If you want to get your book into the hands of readers quickly, self-publishing could be the way to go. There is no need to go searching for a literary agent and there is no risk of your manuscript ending up on a publisher’s slush pile. If you think self-publishing is for you, here are some tips on how to do it.
Obviously your biggest task is writing your book. But, because you won’t have the resources of a big publishing house behind you, you’ll have to write more than just your manuscript. This additional material may include:
- a dedication
- information about the author
- promotional pages (including links to your web page and social media, as well as other books you have published)
Write your promotional material well ahead of publication, so that you can use it in your pre-release marketing. Two essentials are a synopsis and a tagline. A synopsis is a brief summary of your book. You will need a few of versions of this. One version will be for book reviewers, bloggers and bookshop owners. A 250 word summary is a good size to aim for. You will also need to write a description of your book for online retailers. This is basically a synopsis of your book without the ending. When writing this version you need to think about how much of the story you want to give away and what will entice readers to buy your book. If you bring out a print version of your book you will also need to write a promotional blurb for the back cover. It will be similar to the description you write for online retailers, but may need to be shorter. Most blurbs are no longer than 150 words.
A tagline is a memorable catch phrase that will give readers a feel for your book and hopefully make them want to read it. The tagline of The Long Earth, by Terry Pratchett and Stephen Baxter, is ‘There are worlds waiting. All it takes is one small step …’. This evokes a spirit of adventure and curiosity, perfect for this science fiction novel where humanity discovers thousands of parallel Earths to explore. Contrast this to Matthew Reilly’s fast paced, action-packed and explosive novella, Hell Island, which has the chilling, but also slightly overblown, tagline ‘Welcome to Hell on Earth’. You know it is going to be a thriller, and won’t be surprised when the protagonist comes face-to-face with an army of genetically engineered apes. Another example is Ben Aaronovitch’s Broken Homes, which has the tagline ‘Stuff gets serious South of the River …’. The lighthearted use of the word ‘stuff’ reflects the humour infused in this fantasy thriller, which is a mixture of magic and police procedural.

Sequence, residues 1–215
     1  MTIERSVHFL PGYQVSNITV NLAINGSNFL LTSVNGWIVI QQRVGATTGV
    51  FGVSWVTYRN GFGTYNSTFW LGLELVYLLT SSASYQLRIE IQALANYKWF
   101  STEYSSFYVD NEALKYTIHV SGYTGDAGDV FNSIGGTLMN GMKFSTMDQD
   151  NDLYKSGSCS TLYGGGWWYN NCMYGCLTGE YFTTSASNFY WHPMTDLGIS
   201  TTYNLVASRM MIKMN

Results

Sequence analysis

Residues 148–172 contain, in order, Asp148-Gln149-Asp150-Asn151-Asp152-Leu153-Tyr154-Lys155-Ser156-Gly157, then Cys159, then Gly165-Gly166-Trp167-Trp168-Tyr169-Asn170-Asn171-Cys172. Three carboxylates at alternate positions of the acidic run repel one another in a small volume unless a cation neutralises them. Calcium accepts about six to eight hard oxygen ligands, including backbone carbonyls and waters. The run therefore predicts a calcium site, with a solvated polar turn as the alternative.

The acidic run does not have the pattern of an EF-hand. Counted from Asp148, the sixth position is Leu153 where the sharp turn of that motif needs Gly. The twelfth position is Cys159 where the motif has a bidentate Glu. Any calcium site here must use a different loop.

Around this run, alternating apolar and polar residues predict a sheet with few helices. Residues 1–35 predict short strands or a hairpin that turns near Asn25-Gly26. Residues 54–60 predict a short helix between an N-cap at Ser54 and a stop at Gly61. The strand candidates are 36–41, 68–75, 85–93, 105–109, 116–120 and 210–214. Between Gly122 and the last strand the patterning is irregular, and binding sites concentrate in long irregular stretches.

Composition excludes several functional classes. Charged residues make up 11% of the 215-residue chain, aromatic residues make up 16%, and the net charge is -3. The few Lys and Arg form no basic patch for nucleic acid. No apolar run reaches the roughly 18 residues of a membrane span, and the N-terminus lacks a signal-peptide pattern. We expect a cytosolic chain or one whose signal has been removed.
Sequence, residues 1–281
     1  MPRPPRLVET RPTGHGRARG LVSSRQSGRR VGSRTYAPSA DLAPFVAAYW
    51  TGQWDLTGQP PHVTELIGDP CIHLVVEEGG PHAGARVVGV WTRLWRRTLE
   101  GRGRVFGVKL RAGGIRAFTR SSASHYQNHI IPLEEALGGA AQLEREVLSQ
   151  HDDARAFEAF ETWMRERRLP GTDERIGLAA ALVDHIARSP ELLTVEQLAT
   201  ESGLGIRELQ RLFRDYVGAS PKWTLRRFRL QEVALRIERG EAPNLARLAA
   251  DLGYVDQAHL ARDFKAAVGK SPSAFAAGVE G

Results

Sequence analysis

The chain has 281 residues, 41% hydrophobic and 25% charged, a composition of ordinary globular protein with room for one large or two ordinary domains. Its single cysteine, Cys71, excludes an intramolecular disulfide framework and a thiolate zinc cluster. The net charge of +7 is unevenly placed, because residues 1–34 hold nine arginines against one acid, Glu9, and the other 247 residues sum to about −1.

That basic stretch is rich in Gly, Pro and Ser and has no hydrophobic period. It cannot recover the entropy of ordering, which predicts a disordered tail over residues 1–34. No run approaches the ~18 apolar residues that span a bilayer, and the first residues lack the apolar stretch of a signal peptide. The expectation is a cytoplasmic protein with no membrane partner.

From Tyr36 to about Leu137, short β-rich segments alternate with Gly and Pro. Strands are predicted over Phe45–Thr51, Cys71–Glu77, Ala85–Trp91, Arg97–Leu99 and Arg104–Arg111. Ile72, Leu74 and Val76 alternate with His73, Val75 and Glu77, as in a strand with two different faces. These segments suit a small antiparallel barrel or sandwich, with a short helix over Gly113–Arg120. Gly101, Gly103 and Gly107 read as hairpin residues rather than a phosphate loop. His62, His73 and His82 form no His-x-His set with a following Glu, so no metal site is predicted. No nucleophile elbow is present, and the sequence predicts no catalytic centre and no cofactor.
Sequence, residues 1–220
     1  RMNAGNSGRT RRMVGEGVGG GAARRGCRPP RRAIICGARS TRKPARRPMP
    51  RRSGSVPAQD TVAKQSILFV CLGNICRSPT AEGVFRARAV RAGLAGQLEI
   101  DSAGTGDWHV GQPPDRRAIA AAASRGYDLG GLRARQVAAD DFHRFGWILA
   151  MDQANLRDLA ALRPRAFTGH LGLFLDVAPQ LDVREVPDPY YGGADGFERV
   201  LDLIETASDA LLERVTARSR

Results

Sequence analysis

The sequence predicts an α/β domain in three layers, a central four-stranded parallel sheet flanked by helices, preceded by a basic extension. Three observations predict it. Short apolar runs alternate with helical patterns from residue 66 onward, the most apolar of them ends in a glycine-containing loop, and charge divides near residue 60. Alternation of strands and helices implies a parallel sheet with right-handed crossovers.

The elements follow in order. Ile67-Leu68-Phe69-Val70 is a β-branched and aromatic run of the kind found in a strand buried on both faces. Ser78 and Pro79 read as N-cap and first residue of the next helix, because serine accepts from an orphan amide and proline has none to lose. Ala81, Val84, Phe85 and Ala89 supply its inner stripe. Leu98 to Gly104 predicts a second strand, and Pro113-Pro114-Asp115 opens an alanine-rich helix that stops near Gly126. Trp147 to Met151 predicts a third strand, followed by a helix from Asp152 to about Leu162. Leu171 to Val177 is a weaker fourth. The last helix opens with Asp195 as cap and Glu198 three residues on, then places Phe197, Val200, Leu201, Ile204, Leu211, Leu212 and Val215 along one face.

Check out the blurbs and taglines of books in your genre, to get a feel for the way they are written and the language they use.
Are you ready to self-publish now? Not yet. Any manuscript that is published by a publishing house goes through a three-stage editing process: a structural edit, a copy edit and proofreading. Often that means three sets of eyes have checked every word before a book is released. You need to reproduce this process as best you can. Unfortunately, you can’t do it all yourself. It is too easy to overlook mistakes when you try to edit your own work. No matter how many times you go through your manuscript, some errors are going to slip through. Obviously, you need to do as much tidying-up of the manuscript as you possibly can, but you also need to get some other people to look at it. Try and choose people who are going to be honest and objective. And don’t forget to get a fresh pair of eyes to proofread your blurb and tagline.
Most people associate self-publishing with ebooks, but it is possible to get your manuscript into print without having to store a pile of books in your living room. This is accomplished by using print on demand. Print on demand allows your book to be printed and shipped by request, saving you large upfront costs and the need to store a supply of books. It is easy to do through distributers such as Amazon’s KDP Print, IngramSpark and Lulu. If you are thinking of self-publishing, a combination of ebook and print on demand is a good way to go.
Formatting is one of the more time-consuming tasks when self-publishing. This is especially true if you are not familiar with the software. Some ebook distributors, such as Smashwords, will allow you to upload your manuscript in Word. Other distributors will require you to use a different file format. The most common are:
- MOBI format (for Kindle ebooks)
- EPUB format (for most other ebook stores)
- PDF (for print-on-demand)
If you are familiar with Adobe InDesign software, you can use it to format your manuscript. If not, Pressbooks is a simple, intuitive book production program that allows you to import a manuscript, choose a book design theme, and export the finished product into a suitable file format for publishing your book.
Ebooks allow you to include links to your website, social media, and other ebooks you have published, so don’t forget to include them.
Despite the maxim ‘don’t judge a book by its cover’, people literally do. This means your cover design is really important. A good cover design will help to sell your book. A poor cover will be a real turn-off and prevent potential readers from clicking to sample or purchase your book.